Trauma or a degenerative joint disc could be the contributing factors for a herniated disc, which is characterized by the compression of a nerve by the jelly-like center of the intervertebral disc that leaks through a weak spot in the disc. This condition can sometimes affect the patient's ability to perform the routine activities. This HealthHearty write-up provides information on certain exercises that can provide relief.
The spinal column one of the complex structures of the human body. It comprises bony segments called vertebrae that are separated by intervertebral discs that act as cushions and shock-absorbers. Each disc comprises two parts: a strong outer covering known as the annulus and a soft jelly center known as the nucleus.
If the outer covering ruptures, the jelly begins to flow out of the center into the region where the disc is weakest. As a result, a bulge develops in the disc that exerts pressure on the nerves of the spine. This condition is referred to as herniated, bulging, or slipped disc. If the bulging disc is in the lower back, it can give rise to intense pain, numbness, or tingling in the back and the legs. Performing certain exercises can prove beneficial.
Exercises for a Herniated Disc
The main reason behind performing the following exercises is to improve blood circulation, so that the affected area receives sufficient amount of oxygenated, nutrient-rich blood. This will help alleviate the pain and pave way for a faster recovery.
This exercise can be carried out while sitting, standing, or lying down.
- Breathe in by pulling your stomach muscles inward, as if you are pulling your navel towards your spine.
- Hold as long as you are comfortable.
- If you are lying on the floor, press your lower back into the surface and don’t take help from your abdominal muscles and legs while exercising.
- Perform 10 to 12 times a day.
Crunches or Curl-ups
- To perform this exercise, lie flat on your back with the knees bent, press your lower back into the floor, and cross your arms over your chest.
- Slowly, raise your head and shoulders upward and curl your rib cage toward your spine.
- Stay in this position for two to four seconds, before returning to the starting position.
- Instead of raising the shoulders very high, try to curl your shoulders towards your hips.
- Do 8 to 10 repetitions. You can also increase the number of repetitions, as per your strength and comfort.
- Lie flat on your back with your knees bent.
- Raise one leg slowly, while keeping your hands behind your knee.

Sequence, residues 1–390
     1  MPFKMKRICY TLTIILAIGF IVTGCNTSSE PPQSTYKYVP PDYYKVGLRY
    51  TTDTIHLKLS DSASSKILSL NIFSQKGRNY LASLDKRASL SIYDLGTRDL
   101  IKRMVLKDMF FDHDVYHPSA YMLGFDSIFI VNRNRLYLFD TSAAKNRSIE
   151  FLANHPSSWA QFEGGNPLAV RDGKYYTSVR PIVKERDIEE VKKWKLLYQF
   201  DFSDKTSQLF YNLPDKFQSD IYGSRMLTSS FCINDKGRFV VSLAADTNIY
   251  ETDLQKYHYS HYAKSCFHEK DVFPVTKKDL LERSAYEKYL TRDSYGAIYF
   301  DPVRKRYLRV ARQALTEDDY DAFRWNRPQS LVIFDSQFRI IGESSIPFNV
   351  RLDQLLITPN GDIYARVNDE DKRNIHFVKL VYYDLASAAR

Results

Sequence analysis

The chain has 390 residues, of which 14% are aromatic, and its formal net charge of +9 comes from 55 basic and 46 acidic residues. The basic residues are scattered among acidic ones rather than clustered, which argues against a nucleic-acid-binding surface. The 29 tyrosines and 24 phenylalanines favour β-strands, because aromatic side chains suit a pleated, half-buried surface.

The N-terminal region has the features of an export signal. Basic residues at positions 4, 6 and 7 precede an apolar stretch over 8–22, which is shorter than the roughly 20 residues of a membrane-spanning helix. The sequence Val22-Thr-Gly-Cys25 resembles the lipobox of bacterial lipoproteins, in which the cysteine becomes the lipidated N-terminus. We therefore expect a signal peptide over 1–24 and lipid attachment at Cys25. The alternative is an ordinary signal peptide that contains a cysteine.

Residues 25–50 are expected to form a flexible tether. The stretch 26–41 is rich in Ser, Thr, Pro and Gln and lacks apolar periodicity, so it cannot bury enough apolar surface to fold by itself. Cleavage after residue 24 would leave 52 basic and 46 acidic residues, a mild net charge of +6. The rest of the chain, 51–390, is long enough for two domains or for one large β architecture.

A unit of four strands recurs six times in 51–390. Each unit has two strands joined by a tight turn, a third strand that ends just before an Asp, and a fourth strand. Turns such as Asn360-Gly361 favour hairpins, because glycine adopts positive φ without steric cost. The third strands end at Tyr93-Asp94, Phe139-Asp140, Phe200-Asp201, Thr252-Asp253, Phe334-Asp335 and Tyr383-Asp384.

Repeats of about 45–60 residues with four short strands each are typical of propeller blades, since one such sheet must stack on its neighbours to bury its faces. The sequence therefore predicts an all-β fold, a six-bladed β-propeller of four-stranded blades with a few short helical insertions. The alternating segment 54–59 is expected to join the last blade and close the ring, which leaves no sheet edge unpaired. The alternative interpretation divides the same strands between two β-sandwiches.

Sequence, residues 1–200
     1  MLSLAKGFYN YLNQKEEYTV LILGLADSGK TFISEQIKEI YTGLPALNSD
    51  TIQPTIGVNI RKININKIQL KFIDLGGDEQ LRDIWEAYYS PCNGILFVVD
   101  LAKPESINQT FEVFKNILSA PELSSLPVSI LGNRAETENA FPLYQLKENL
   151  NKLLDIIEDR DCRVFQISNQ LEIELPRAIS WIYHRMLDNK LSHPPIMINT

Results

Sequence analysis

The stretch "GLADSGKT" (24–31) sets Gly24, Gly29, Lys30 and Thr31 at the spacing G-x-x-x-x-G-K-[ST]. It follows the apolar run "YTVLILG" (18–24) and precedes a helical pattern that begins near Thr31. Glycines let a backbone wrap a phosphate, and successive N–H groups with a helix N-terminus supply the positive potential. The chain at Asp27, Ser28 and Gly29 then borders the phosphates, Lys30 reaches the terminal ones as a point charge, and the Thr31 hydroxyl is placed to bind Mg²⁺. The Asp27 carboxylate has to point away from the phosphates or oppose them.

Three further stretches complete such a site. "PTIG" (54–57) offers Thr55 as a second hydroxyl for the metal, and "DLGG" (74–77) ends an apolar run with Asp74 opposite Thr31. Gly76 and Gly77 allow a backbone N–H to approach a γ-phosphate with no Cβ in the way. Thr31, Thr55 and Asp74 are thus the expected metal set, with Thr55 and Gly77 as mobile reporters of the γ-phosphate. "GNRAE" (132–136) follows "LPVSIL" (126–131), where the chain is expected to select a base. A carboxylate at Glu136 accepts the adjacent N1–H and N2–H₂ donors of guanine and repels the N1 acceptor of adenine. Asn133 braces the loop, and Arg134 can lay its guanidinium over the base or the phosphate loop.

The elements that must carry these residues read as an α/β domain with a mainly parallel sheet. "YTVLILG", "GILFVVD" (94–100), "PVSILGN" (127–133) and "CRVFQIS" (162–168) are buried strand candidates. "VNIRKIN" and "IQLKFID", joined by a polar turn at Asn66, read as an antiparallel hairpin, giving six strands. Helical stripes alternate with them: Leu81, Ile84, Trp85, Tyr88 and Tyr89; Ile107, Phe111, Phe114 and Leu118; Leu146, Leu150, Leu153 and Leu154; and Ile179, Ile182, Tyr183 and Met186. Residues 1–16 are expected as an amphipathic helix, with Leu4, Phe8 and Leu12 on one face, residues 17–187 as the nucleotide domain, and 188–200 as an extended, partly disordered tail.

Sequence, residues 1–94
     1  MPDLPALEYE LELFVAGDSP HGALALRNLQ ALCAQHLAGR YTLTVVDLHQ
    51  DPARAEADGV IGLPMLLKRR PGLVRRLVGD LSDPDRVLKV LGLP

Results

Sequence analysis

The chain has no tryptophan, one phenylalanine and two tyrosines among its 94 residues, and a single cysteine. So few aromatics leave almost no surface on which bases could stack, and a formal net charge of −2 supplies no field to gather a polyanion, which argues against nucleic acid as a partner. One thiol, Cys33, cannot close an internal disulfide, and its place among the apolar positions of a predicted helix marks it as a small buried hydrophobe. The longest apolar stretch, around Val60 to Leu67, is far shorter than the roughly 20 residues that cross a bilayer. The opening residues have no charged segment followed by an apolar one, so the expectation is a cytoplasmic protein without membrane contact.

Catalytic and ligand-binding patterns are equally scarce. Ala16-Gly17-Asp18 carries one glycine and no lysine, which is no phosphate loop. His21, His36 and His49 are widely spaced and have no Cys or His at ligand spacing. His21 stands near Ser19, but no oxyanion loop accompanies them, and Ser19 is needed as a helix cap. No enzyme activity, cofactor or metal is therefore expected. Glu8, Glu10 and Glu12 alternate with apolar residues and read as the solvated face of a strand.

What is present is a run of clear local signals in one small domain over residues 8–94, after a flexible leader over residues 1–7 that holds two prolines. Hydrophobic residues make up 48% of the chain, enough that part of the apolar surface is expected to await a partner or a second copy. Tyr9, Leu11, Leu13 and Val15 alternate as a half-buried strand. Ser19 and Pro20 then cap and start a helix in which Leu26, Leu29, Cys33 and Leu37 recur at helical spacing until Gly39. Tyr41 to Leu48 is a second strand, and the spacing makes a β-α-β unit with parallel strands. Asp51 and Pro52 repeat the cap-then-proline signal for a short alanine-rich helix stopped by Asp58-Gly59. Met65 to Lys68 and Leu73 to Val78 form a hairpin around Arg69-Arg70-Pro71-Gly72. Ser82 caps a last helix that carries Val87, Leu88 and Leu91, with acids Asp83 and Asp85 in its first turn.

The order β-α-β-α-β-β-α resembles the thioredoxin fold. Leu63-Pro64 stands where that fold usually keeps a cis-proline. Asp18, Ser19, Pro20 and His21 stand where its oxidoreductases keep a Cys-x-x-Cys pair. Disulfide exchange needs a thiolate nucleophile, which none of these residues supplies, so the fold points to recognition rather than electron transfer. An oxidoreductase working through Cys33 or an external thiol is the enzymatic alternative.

- Stretch your leg and gently pull it towards your chest.
- Stay in this position for a few seconds and then return to the initial position.
- Repeat with the other leg. If you experience any pain or discomfort, discontinue the exercise.
Lower Back Extension
- First of all, lie on your stomach.
- Prop your upper body on your elbows, while keeping your pelvis on the floor.
- Stay in this position for a few seconds, or as long as you are comfortable.
- Slowly, raise your upper body, while pressing up onto your hands.
- Perform 10 repetitions.
Lower Back and Hip Stretch
- Lie on your back with the knees bent and the arms relaxed at your sides.
- Slowly, drop your knees to one side. Stay in this position for a few seconds and then return to the starting position.
- Repeat the steps on the other side.
- Perform up to 10 repetitions on each side.
While performing these lower back exercises for herniated disc, you must ensure that your back is not strained. Stop immediately, if you experience any kind of back pain.
Bulging discs are quite common in people between the ages of 30 and 40. Before starting any exercise program, it is better to have a doctor’s approval in advance. In some cases, physical therapy is advised, as a physical therapist would be in a better position to instruct you about the exercises that are best for recovering from a particular injury. Aerobics, stretches, flexibility and strengthening exercises, and exercises involving specific movements that help relieve nerve pressure can prove beneficial.
Disclaimer: This article is for informative purposes only. Always consult a physician before starting any physical fitness program in order to reduce the risk of injury.